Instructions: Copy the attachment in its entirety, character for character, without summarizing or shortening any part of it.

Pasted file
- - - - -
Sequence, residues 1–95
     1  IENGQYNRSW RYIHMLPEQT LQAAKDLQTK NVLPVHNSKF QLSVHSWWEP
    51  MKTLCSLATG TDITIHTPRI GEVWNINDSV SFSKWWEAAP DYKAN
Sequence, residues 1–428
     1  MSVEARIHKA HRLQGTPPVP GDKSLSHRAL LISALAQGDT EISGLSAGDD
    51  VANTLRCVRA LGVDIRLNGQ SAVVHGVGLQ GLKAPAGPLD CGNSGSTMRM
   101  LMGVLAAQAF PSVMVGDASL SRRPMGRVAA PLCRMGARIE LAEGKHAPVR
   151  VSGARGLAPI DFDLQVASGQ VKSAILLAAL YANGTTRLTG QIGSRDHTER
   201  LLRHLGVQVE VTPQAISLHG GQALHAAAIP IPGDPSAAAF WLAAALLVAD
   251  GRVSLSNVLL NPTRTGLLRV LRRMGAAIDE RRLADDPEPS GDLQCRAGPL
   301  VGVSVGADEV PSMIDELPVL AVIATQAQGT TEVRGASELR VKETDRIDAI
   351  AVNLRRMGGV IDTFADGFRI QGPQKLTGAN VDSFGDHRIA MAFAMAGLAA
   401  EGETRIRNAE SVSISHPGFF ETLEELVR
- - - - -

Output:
Sequence, residues 1–95
     1  IENGQYNRSW RYIHMLPEQT LQAAKDLQTK NVLPVHNSKF QLSVHSWWEP
    51  MKTLCSLATG TDITIHTPRI GEVWNINDSV SFSKWWEAAP DYKAN
Sequence, residues 1–428
     1  MSVEARIHKA HRLQGTPPVP GDKSLSHRAL LISALAQGDT EISGLSAGDD
    51  VANTLRCVRA LGVDIRLNGQ SAVVHGVGLQ GLKAPAGPLD CGNSGSTMRM
   101  LMGVLAAQAF PSVMVGDASL SRRPMGRVAA PLCRMGARIE LAEGKHAPVR
   151  VSGARGLAPI DFDLQVASGQ VKSAILLAAL YANGTTRLTG QIGSRDHTER
   201  LLRHLGVQVE VTPQAISLHG GQALHAAAIP IPGDPSAAAF WLAAALLVAD
   251  GRVSLSNVLL NPTRTGLLRV LRRMGAAIDE RRLADDPEPS GDLQCRAGPL
   301  VGVSVGADEV PSMIDELPVL AVIATQAQGT TEVRGASELR VKETDRIDAI
   351  AVNLRRMGGV IDTFADGFRI QGPQKLTGAN VDSFGDHRIA MAFAMAGLAA
   401  EGETRIRNAE SVSISHPGFF ETLEELVR